Table 2 Characteristics at the onset of AFLD or at the last visit of non-AFLD subjects

Next, we evaluated the impact of each component of metabolic syndrome to incident AFLD using with Cox model (Table 3). After adjusting for age, smoking status, and alcohol consumption, the HR (95% CI) for a 1 kg/m2 increase in BMI was 1.2 (1.12–1.28, p < 0.0001). The HRs of subjects with high triglyceride and low HDL-cholesterol levels were 1.56 (1.12–2.18, p = 0.0093) and 1.52 (1.03–2.25, p = 0.034), respectively. Model 2, which was also adjusted for weight gain, showed a HR of 1.21 (1.14–1.29, p < 0.0001) for the development of AFLD with a 1 kg/m2 increase in BMI. The HRs of subjects with high triglyceride and low HDL-cholesterol levels were 1.71 (1.22–2.38, p = 0.0016) and 1.41 (0.96–2.07, p = 0.076), respectively.

Table 3 Adjusted Cox proportional hazards models for development of AFLD

We also evaluated the impact of each component on incident fatty liver in the subgroup with an alcohol intake of less than 420 g/week. In the group with alcohol intake between 0 and 420 g/week, after adjustment, the HR (95% CI) for a 1 kg/m2 increase in BMI was 1.2 (1.18–1.22, p < 0.0001) (Additional file 7: Table S3). The HRs of subjects with high triglyceride, low HDL-cholesterol, and high glucose levels were 1.71 (1.55–1.89, p < 0.0001), 1.17 (1.06–1.29, p = 0.002), and 1.34 (1.23–1.46, p < 0.0001), respectively. In the group that consumed no alcohol, after adjustment, the HR (95% CI) for a 1 kg/m2 increase in BMI was 1.21 (1.17–1.24, p < 0.0001) (Additional file 8: Table S4). The HRs of subjects with high triglyceride, low HDL-cholesterol, and high glucose levels were 1.26 (1.04–1.51, p = 0.0167), 1.34 (1.15–1.57, p = 0.0003), and 1.43 (1.23–1.68, p < 0.0001), respectively.

Discussion

The incidence rate of AFLD was 49.1 cases per 1000 persons per year. Obesity, high triglyceridemia, and low HDL-cholesterolemia were independent risk factors of AFLD in Japanese men who consume alcohol. On the other hand, among the components of the metabolic syndrome, hypertension and high glucose were not significant risk factors. In addition to AFLD risk factors, high glucose was a significant risk factor for incident fatty liver in subjects whose alcohol consumption was less than 420 g/week.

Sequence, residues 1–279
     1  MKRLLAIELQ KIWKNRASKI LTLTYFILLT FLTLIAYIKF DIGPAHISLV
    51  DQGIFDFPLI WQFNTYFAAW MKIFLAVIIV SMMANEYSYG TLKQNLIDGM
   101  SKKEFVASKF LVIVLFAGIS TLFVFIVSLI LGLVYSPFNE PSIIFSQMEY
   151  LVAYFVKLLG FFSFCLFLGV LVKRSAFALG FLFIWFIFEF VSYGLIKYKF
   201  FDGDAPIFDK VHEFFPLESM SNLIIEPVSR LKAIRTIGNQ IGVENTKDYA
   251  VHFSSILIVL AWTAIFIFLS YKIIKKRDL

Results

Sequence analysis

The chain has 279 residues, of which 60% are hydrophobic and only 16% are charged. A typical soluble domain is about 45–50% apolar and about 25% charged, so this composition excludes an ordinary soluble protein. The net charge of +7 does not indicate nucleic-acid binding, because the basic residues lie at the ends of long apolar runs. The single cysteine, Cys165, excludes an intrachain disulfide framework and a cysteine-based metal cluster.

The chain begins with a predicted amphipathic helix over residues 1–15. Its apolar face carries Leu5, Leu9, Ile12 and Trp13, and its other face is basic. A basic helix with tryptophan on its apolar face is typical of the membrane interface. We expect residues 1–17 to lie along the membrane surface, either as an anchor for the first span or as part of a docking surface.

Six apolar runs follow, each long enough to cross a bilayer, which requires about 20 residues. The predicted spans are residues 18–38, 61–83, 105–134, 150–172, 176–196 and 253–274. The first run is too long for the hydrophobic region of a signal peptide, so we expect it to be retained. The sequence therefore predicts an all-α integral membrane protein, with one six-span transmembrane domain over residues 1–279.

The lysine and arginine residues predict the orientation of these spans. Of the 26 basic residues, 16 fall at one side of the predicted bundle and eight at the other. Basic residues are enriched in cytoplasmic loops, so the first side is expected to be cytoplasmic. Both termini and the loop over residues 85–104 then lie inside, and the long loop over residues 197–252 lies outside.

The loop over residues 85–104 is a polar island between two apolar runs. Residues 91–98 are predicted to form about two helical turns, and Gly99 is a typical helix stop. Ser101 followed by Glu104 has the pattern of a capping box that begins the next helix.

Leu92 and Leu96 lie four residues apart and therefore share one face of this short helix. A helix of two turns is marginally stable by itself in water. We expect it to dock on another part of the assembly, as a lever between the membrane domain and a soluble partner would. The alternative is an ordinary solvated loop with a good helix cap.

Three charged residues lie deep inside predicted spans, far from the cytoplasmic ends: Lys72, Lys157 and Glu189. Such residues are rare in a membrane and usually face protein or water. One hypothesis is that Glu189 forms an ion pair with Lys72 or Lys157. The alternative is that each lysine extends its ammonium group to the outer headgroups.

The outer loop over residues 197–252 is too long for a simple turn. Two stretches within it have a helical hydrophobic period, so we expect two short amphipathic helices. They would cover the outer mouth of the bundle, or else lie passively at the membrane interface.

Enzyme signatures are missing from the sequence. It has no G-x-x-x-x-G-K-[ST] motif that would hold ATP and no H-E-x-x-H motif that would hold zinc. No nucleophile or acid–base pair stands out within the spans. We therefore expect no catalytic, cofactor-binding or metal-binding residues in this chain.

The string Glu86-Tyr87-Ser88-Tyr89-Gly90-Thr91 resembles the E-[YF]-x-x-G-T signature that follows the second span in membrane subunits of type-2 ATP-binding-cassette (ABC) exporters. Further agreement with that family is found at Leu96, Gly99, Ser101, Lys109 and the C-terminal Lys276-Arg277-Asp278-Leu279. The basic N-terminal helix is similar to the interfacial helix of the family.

Fatty liver in non-drinking citizens is widely recognized as NAFLD. NAFLD is the hepatic phenotype of the metabolic syndrome, and obesity and metabolic abnormalities are risk factors for its incidence [17]. Nonalcoholic steatohepatitis (NASH) is observed in a part of individuals with NAFLD, and the pathology of NASH seems to be similar to that of chronic hepatitis in subjects with ARLD [18]. NASH is a risk factor of liver cirrhosis and hepatocellular carcinoma [19, 20]. These findings suggest that hepatic steatosis in subjects who consume alcohol habitually, in other words AFLD, could be a risk factor of liver cirrhosis and hepatocellular carcinoma [1, 2]. In addition to that, hyperglycemia co-exists with AFLD. We previously reported that the prevalence of hyperglycemia was high in subjects with AFLD [21]. However, the causal relationship of hyperglycemia with AFLD has not been clarified yet. While all components of metabolic syndrome are strong risk factors of incident NAFLD [15, 22], our current study revealed that three of the five components of the metabolic syndrome, obesity, hypertriglyceridemia, and low HDL-cholesterolemia, are significant risk factors of incident AFLD. Previous report showed that overweight individuals are more likely to develop hypertriglyceridemia due to alcohol consumption than lean individuals [23], and individuals with obesity and abnormal lipid levels may synergistically induce liver steatosis under alcohol consumption. Abstinence from alcohol alone is not sufficient to prevent the development of AFLD, and attention to metabolic abnormalities is also necessary. Weight maintenance in obese alcohol consumers and improvement of insulin resistance in alcohol consumers with high triglycerides and low HDL-cholesterol levels may be important in preventing the development of fatty liver.

In patients with metabolic syndrome, chronic inflammation of visceral adipose tissue leads to increase in free fatty acid (FFA) from adipocytes. High level serum FFA increases hepatic FFA uptake, which subsequently upregulates very low-density lipoprotein (VLDL) synthesis in the liver. Upregulated hepatic FFA uptake also increased carbohydrate-derived de novo lipogenesis via increased sterol regulatory element-binding protein (SREBP)-1c expression [24]. Adipokine abnormalities, such as decreased adiponectin, play a role in fat accumulation [25].

On the other hand, alcohol consumption increases the hepatic nicotinamide adenine dinucleotide hydroxide/nicotinamide adenine dinucleotide ratio, which leads to impaired mitochondrial beta-oxidation of fatty acids, increased fatty acid synthesis, and increased hepatic triglycerides [26]. Alcohol can upregulate SREBP-1c expression directly via acetaldehyde and indirectly via stimulation of factors including early growth response protein-1 and tumor necrosis factor-α [27, 28]. Alcohol also downregulates factors that decrease SREBP-1c expression, including adiponectin [29]. Ethanol consumption directly or indirectly inhibits peroxisome proliferator-activated receptor-α [30, 31]. Furthermore, adenosine monophosphate-activated protein kinase (AMPK) increases acetyl coenzyme A carboxylase (ACC) activity and decreases carnitine palmitoyltransferase (CPT)-1 activity, resulting in fat accumulation [32]. Thus, NAFLD and AFLD share common etiological mechanisms, such as altered expression of lipid metabolism-related transcription factors and abnormalities in adipokines (Additional file 4: Figure S4). These mechanisms can explain the similarity in pathological features and natural history. Hypertension and hyperglycemia, rather than obesity and abnormal lipid metabolism, may be the unique pathogenetic factors in NAFLD, but these need to be assessed by future research.